31. 31.

    Sutton DR, Fox J. The Syntax and Semantics of the PROforma Guideline Modeling Language. J Am Med Informatics Assoc. 2003;10:433–43.

  32. 32.

    Object Management Group OMG: Business Process Model and Notation (BPMN) Version 2.0. Volume 50. Books on Demand; 2011(January).

  33. 33.

    White SA. Process Modeling Notations and Workflow Patterns. BPTrends 2004.

  34. 34.

    Kossak F, Illibauer C, Geist V, Kubovy J, Natschläger C, Ziebermayr T, et al. A Rigorous Semantics for BPMN 2.0 Process Diagrams. Switzerland: Springer International Publishing; 2014.

  35. 35.

    Scheuerlein H, Rauchfuss F, Dittmar Y, Molle R, Lehmann T, Pienkos N, et al. New methods for clinical pathways-Business Process Modeling Notation (BPMN) and Tangible Business Process Modeling (t.BPM). Langenbecks Arch Surg. 2012;397:755–61.

  36. 36.

    Patton MQ. Qualitative Research & Evaluation Methods. 3rd ed. Thousand Oaks: SAGE Publications; 2002.

  37. 37.

    Rajendran NS. Dealing With Biases in Qualitative Research: A Balancing Act for Researchers. Qualitative Research Convention. Kuala Lumpur, Malaysia. 2001;1–15.

  38. 38.

    Musen MA, Tu SW, Das AK, Shahar Y. EON: A Component-Based Approach to Automation of Protocol-Directed Therapy. J Am Med Informatics Assoc. 1996;3:367–88.

  39. 39.

    Ohno-Machado L, Gennari JH, Murphy SN, Jain NL, Tu SW, Oliver DE, et al. The Guideline Interchange Format: a Model for Representing Guidelines. J Am Med Informatics Assoc. 1998;5:357–72.

  40. 40.

    Campbell JR, Tu SW, Mansfield JG, Boyer JI, McClay J, Parker C et al. The SAGE Guideline Model: A Knowledge Representation Framework for Encoding Interoperable Clinical Practice Guidelines. In Proc 2003 Am Med Informatics Assoc Annu Symp. Edited by Musen MA. Washington, DC; 2003.

  41. 41.

    Kay M. XSL Transformations (XSLT) Version 2.0. W3C. 2007.

  42. 42.

    Kiepuszewski B, Hofstede AHM T, Bussler CJ. On Structured Workflow Modelling. In: Wangler B, Bergman L, editors. Adv Inf Syst Eng. Volume 1789. Berlin: Springer; 2000. p. 431–45 [Lecture Notes in Computer Science].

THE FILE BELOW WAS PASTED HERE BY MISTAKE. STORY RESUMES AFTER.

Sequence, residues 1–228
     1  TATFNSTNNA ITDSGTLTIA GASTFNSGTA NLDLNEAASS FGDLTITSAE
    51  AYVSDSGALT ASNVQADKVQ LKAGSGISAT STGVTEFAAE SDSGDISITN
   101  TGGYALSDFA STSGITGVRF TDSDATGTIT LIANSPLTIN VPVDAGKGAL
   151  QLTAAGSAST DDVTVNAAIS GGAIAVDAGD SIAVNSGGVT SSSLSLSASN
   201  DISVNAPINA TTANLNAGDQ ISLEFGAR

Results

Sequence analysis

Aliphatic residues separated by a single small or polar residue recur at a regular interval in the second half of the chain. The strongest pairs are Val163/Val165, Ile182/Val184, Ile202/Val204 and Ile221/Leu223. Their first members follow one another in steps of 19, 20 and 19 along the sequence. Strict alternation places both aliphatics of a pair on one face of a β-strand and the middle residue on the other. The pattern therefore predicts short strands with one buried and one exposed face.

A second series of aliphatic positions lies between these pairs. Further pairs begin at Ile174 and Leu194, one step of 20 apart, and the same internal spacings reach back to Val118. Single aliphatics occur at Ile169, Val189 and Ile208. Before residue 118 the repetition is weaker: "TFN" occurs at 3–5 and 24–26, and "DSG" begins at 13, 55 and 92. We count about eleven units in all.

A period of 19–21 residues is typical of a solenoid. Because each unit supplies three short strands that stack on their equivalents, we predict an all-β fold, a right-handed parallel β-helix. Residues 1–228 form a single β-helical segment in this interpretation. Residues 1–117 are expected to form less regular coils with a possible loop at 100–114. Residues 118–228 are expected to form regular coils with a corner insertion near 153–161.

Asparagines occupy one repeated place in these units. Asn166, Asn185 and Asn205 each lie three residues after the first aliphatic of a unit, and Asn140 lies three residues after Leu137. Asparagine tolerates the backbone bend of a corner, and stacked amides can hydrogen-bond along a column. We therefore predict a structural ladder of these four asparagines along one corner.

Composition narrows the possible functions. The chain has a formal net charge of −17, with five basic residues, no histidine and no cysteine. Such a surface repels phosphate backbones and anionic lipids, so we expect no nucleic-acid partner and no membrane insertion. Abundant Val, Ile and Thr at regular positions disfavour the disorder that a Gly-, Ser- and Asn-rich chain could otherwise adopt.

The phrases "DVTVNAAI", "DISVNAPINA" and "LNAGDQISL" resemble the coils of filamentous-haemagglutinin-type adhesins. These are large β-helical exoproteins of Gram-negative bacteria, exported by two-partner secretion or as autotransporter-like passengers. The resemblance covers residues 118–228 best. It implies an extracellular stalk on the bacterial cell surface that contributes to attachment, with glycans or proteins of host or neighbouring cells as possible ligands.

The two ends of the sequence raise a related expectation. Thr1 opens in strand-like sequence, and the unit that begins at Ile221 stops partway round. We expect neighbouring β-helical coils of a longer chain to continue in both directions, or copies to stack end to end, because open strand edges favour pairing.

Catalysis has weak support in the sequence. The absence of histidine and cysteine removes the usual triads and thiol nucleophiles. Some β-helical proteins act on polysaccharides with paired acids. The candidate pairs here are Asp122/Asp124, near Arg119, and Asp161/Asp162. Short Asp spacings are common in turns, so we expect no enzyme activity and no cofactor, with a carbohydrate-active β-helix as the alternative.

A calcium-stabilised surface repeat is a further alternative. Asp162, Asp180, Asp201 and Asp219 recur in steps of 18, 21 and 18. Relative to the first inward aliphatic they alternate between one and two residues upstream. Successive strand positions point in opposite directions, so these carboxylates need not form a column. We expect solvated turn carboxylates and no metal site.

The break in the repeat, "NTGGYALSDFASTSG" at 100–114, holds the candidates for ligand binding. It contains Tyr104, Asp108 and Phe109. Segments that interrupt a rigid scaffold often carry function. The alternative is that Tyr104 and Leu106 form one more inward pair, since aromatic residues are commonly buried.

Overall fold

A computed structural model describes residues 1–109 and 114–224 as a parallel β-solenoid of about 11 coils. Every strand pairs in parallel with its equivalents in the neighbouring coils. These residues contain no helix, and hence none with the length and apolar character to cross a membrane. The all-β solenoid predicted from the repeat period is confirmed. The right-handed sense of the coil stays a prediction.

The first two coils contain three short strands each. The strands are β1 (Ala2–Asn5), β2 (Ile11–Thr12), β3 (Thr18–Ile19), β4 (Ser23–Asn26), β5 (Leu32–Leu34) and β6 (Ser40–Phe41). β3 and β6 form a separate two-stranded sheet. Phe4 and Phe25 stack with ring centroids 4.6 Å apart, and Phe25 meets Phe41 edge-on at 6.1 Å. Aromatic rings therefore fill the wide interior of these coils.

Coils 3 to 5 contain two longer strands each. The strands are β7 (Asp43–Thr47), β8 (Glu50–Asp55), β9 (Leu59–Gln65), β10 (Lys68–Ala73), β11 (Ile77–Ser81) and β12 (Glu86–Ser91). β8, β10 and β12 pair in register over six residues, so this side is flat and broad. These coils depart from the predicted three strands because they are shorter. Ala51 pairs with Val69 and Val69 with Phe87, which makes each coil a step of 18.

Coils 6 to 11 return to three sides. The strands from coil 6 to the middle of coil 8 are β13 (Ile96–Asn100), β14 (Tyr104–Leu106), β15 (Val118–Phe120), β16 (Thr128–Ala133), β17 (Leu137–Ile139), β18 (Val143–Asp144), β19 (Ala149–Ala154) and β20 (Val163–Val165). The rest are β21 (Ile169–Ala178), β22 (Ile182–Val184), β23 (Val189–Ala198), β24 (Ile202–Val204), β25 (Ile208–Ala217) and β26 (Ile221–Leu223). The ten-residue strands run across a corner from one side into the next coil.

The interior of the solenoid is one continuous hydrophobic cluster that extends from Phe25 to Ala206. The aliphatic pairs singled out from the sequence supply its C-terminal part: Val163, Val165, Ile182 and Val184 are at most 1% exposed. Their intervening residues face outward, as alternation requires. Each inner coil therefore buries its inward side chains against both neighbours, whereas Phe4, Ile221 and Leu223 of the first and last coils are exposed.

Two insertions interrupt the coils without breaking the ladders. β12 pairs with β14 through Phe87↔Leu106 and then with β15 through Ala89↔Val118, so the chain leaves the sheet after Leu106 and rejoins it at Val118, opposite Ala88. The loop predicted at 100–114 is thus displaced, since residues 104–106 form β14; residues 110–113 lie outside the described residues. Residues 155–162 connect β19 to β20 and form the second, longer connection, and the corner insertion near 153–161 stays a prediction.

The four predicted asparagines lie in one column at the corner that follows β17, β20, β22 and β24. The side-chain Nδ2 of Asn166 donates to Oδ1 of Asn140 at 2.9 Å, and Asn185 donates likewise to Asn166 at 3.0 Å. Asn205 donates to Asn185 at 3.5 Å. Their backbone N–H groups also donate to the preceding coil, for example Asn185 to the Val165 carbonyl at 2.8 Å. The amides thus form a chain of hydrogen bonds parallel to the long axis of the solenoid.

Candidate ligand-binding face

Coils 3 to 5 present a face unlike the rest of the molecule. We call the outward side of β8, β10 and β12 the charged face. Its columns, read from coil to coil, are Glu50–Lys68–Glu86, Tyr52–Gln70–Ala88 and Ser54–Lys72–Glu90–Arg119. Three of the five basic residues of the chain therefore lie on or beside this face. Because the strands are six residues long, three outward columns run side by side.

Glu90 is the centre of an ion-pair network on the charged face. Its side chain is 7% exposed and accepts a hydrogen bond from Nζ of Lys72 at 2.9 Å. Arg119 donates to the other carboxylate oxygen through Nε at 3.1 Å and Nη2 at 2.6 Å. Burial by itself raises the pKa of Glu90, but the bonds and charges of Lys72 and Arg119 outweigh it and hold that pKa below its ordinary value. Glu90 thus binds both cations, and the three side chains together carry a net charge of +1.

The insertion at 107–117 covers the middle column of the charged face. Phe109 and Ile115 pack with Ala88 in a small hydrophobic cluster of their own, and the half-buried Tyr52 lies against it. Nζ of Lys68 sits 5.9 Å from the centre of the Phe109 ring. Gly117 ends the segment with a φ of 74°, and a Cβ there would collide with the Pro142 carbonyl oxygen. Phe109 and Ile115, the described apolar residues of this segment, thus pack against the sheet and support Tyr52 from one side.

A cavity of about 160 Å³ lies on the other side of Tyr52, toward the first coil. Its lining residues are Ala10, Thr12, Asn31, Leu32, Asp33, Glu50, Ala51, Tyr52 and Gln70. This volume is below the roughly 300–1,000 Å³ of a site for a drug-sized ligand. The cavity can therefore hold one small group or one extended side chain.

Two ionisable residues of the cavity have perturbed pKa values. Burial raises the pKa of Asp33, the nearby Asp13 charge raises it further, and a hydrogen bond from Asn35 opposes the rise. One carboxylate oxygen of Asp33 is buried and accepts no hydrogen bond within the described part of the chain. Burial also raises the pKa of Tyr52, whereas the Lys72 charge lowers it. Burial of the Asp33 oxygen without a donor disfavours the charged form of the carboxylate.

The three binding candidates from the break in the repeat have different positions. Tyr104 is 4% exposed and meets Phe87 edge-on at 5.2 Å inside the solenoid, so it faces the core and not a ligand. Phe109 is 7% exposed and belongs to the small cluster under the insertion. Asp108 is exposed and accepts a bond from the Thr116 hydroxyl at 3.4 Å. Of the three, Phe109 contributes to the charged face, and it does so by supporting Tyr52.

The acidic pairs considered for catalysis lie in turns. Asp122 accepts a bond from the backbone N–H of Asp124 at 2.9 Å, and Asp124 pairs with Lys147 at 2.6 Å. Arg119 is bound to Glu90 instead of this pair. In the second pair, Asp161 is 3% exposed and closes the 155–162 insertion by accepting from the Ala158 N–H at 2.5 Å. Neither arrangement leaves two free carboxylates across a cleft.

43. 43.

    Liu R, Kumar A. An Analysis and Taxonomy of Unstructured Workflows. Analysis. 2005;3649:268–84 [Lecture Notes in Computer Science].

  44. 44.

    National Institute for Health and Clinical Excellence (NICE). The Guidelines Manual. Manchester, UK: National Institute for Health and Clinical Excellence; 2012.

  45. 45.

    Workflow Patterns [http://www.workflowpatterns.com/]. 1st Dec. 2015

  46. 46.

    Votruba P, Seyfang A, Paesold M, Miksch S. Environment-Driven Skeletal Plan Execution for the Medical Domain. In: Brewka G, Coradeschi S, Perini A, Traverso P, editors. Eur Conf Artif Intell. Volume 141. Riva del Garda, Italy: Ios Press; 2006. p. 847–8 [Frontiers in Artificial Intelligence and Applications].

  47. 47.

    Steele R, Fox J. Tallis PROforma Primer – Introduction to PROforma Language and Software with Worked Examples. London, UK: Technical report, Advanced Computation Laboratory, Cancer Research; 2002.

  48. 48.

    Börger E. Modeling Workflow Patterns from First Principles. In: Parent C, Schewe K-D, Storey V, Thalheim B, editors. Concept Model - ER 2007. Volume 4801. Berlin, Heidelberg: Springer Berlin / Heidelberg; 2007. p. 1–20 [Lecture Notes in Computer Science].

  49. 49.

    Martínez-Salvador B, Marcos M, Sánchez A. An Algorithm for Guideline Transformation: from BPMN to PROforma. In Proc 6th Work Knowl Represent Heal. Vienna: Springer; 2014.

  50. 50.

    Schmitt J, Hoffmann A, Balser M, Reif W, Marcos M. Interactive Verification of Medical Guidelines. In: Misra J, Nipkow T, Sekerinski E, editors. FM 2006 Form Methods. Volume 4085. Berlin, Heidelberg: Springer Berlin Heidelberg; 2006. p. 32–47 [Lecture Notes in Computer Science].

  51. 51.

    Grando A, Glasspool DW, Fox J. Petri Nets as a formalism for comparing expressiveness of workflow-based Clinical Guideline Languages. Transition. 2008;17:348–60.

  52. 52.

    Russell N, ter Hofstede AHM, Edmond D, van der Aalst WMP. Workflow data patterns: identification, representation and tool support. In: Delcambre L, Kop C, Mayr HC, Mylopoulos J, Pastor O, editors. Proc 24th Int Conf Concept Model - ER’05. Volume 3716. Berlin, Heidelberg: Springer Berlin Heidelberg; 2005. p. 353–68 [Lecture Notes in Computer Science].